A beautiful, subtle film that seems better than it actually is.


My second film of the year is Carol, the lesbianic period drama that is likely to be nominated for hosts of awards this year. It is a film that has great camerawork, design, a tantalising screenplay and three fantastic lead performances. So on paper it should be one of the best film ever made; and it certainly has been loved by the critics. However it’s not, the resulting film although technically fantastic is somewhat bland and forgettable.

The heart of the story comes from the blossoming romance between the young Therese (Rooney Mara) and the older seductress Carol (Cate Blanchett). As the two fall in love we are also given an insight into Carol’s failing relationship with her ex-husband Harge (Kyle Chandler) and see the strained choices Carol has to make. Each character is given time to develop slowly and the actors excel in bringing them to life.


It is beautifully crafted and designed. Creating a realistic yet cinematic view of New York in the 1950’s. But if you put all these technical things to one side, the film is nothing but another over character driven drama/romance. Although it feels tense and emotive, these emotions soon wear off as you realise that it is in fact just Brief Encounter remade, again, with lesbians.

The direction of the film relies on intricacy and subtlety. Every aspect seems to have a meaning in some way and the cleverly written dialogue leads to plenty of pauses and meaningful looks between characters. This works well on the most part and allows us to feel the genuine love between Therese and Carol, whilst also experiencing the heartbreak Harge is going through. It is unfortunately this emphasis on relationships involving Carol that for me make the film suffer.


Carol is not a nice person and throughout the film is not portrayed as kind in any way. She is rich woman, who knows exactly what she wants and willing to take it; not matter the price. This is shown in the very first meeting between Carol and Therese, where instead of buying her daughter a doll for Christmas, she purchases a train set because Therese told her too. This sort of action continues for a long time as Carol has to choose between her family and her love for Therese. Only the relationship with Therese to me doesn’t seem as real from Carol’s side; Carol spends much of the film grooming Therese. Touching her arm, buying her gifts, posing for photographs; without ever seeming to get to know her. Then when the relationship with Therese threatens the custody of her daughter Carol simply drops her.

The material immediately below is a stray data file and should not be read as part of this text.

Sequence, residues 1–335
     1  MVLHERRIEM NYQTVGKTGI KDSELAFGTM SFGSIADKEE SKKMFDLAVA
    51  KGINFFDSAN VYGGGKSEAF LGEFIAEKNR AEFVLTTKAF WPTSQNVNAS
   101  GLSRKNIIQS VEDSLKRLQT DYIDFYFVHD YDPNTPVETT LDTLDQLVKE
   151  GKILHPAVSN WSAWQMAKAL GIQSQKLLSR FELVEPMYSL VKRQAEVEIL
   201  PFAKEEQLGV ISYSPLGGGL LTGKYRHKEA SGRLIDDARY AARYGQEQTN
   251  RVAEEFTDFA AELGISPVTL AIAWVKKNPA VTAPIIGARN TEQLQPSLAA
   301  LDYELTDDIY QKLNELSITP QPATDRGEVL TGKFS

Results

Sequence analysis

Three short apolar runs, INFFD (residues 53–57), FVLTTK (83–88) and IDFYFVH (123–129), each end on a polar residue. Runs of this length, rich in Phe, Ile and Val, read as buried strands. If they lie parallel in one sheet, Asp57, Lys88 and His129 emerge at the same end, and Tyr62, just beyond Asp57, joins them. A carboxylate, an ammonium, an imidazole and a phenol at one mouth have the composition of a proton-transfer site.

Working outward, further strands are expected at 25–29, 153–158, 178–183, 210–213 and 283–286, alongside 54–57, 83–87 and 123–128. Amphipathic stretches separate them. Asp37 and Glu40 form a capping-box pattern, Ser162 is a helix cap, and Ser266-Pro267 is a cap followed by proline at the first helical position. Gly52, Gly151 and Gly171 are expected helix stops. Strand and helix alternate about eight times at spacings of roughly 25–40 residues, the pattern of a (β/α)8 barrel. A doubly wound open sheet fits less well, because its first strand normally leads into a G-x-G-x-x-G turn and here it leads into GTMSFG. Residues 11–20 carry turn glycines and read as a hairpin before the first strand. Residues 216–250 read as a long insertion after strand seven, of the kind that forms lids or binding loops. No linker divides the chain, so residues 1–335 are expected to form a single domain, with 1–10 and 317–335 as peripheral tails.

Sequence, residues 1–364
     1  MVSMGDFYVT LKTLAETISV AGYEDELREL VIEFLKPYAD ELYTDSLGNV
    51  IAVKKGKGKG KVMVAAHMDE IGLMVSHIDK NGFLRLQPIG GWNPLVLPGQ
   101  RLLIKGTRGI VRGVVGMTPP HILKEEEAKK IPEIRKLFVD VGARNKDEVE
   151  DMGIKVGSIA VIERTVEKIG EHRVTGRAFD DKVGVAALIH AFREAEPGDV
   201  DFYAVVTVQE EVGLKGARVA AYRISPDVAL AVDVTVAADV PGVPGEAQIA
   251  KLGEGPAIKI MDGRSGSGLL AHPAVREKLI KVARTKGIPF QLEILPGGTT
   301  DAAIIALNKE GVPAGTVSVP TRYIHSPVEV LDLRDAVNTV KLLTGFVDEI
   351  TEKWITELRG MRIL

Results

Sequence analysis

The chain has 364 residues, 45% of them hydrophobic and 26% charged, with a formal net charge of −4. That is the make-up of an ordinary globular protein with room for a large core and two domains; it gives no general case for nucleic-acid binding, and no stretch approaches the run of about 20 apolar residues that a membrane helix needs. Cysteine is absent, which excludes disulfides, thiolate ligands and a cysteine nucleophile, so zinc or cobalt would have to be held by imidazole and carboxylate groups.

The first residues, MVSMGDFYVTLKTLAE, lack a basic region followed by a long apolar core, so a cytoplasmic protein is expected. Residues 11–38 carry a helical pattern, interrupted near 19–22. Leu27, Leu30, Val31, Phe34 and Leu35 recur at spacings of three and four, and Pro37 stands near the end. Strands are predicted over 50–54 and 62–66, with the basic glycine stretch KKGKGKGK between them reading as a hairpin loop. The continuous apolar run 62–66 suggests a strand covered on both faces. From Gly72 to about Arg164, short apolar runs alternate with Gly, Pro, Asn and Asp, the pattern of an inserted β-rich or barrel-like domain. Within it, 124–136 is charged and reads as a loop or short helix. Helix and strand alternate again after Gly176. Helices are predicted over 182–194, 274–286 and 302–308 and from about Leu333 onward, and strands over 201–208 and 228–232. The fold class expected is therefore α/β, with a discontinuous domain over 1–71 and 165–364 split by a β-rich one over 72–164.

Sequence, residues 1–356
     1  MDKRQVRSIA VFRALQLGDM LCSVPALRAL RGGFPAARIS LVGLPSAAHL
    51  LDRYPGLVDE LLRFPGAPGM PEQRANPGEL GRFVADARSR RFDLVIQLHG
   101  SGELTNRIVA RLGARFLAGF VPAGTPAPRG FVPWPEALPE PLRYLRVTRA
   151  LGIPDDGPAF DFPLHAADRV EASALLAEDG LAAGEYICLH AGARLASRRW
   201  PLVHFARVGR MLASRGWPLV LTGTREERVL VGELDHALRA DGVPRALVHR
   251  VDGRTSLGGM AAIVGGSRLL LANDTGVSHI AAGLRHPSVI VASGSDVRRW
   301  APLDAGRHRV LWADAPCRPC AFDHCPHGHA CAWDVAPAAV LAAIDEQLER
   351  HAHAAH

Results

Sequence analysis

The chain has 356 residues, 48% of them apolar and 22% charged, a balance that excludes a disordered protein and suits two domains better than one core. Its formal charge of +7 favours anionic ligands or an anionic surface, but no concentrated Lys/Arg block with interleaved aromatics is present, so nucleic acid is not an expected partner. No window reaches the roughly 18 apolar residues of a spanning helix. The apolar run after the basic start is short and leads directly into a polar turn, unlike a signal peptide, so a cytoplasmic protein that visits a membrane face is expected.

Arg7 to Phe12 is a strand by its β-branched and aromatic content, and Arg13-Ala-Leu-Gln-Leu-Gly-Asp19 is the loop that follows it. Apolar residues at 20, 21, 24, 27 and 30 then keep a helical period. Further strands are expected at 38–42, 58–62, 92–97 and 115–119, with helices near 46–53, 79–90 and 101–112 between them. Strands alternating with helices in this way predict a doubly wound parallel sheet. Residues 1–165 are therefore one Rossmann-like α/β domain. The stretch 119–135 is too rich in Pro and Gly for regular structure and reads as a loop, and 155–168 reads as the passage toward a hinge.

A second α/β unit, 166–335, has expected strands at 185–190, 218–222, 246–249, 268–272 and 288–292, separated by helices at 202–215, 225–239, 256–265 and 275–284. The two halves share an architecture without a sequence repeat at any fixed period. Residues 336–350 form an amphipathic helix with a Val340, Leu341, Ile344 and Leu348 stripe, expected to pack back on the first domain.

Although Blanchett does perform the role of Carol brilliantly I spent the entire film confused over her motives and whether she actually cared for Therese was just some older woman looking for a bit of fun. I’m not sure if this was an intentional choice, but I feel that it wasn’t and it seemed to distract from the real heart of the story.


Carol is film that will be nominated for awards and which critics rightly love, but for me it just felt like every other character driven drama and is one that I am likely to forget.